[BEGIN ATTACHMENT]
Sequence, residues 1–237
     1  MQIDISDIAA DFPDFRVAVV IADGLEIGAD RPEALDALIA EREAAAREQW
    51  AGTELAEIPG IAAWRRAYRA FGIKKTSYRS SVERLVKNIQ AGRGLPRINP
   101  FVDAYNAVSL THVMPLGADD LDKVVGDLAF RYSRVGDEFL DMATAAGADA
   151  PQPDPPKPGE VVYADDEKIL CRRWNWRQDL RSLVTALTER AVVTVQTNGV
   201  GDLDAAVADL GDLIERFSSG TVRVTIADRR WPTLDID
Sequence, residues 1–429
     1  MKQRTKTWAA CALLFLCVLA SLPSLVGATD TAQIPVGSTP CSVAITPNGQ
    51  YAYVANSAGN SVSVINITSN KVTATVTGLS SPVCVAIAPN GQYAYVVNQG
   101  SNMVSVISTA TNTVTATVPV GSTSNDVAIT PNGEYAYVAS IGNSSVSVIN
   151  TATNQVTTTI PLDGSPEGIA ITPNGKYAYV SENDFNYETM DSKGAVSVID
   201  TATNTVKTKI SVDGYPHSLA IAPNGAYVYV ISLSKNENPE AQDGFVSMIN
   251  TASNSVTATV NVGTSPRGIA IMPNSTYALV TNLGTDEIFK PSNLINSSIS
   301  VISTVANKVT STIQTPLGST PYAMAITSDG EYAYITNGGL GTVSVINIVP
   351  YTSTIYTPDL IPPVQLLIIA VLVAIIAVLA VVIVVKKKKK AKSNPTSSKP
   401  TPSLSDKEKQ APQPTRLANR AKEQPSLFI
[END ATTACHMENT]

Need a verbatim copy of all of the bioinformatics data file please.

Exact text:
Sequence, residues 1–237
     1  MQIDISDIAA DFPDFRVAVV IADGLEIGAD RPEALDALIA EREAAAREQW
    51  AGTELAEIPG IAAWRRAYRA FGIKKTSYRS SVERLVKNIQ AGRGLPRINP
   101  FVDAYNAVSL THVMPLGADD LDKVVGDLAF RYSRVGDEFL DMATAAGADA
   151  PQPDPPKPGE VVYADDEKIL CRRWNWRQDL RSLVTALTER AVVTVQTNGV
   201  GDLDAAVADL GDLIERFSSG TVRVTIADRR WPTLDID
Sequence, residues 1–429
     1  MKQRTKTWAA CALLFLCVLA SLPSLVGATD TAQIPVGSTP CSVAITPNGQ
    51  YAYVANSAGN SVSVINITSN KVTATVTGLS SPVCVAIAPN GQYAYVVNQG
   101  SNMVSVISTA TNTVTATVPV GSTSNDVAIT PNGEYAYVAS IGNSSVSVIN
   151  TATNQVTTTI PLDGSPEGIA ITPNGKYAYV SENDFNYETM DSKGAVSVID
   201  TATNTVKTKI SVDGYPHSLA IAPNGAYVYV ISLSKNENPE AQDGFVSMIN
   251  TASNSVTATV NVGTSPRGIA IMPNSTYALV TNLGTDEIFK PSNLINSSIS
   301  VISTVANKVT STIQTPLGST PYAMAITSDG EYAYITNGGL GTVSVINIVP
   351  YTSTIYTPDL IPPVQLLIIA VLVAIIAVLA VVIVVKKKKK AKSNPTSSKP
   401  TPSLSDKEKQ APQPTRLANR AKEQPSLFI